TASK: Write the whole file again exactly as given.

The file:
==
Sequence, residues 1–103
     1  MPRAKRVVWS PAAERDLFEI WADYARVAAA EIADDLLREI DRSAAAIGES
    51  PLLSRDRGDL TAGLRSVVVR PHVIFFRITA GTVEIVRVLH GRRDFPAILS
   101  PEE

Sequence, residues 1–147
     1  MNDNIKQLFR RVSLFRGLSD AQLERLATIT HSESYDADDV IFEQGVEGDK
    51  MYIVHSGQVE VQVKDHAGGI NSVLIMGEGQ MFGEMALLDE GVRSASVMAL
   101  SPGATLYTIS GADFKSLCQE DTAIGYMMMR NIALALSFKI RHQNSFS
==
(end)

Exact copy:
Sequence, residues 1–103
     1  MPRAKRVVWS PAAERDLFEI WADYARVAAA EIADDLLREI DRSAAAIGES
    51  PLLSRDRGDL TAGLRSVVVR PHVIFFRITA GTVEIVRVLH GRRDFPAILS
   101  PEE

Sequence, residues 1–147
     1  MNDNIKQLFR RVSLFRGLSD AQLERLATIT HSESYDADDV IFEQGVEGDK
    51  MYIVHSGQVE VQVKDHAGGI NSVLIMGEGQ MFGEMALLDE GVRSASVMAL
   101  SPGATLYTIS GADFKSLCQE DTAIGYMMMR NIALALSFKI RHQNSFS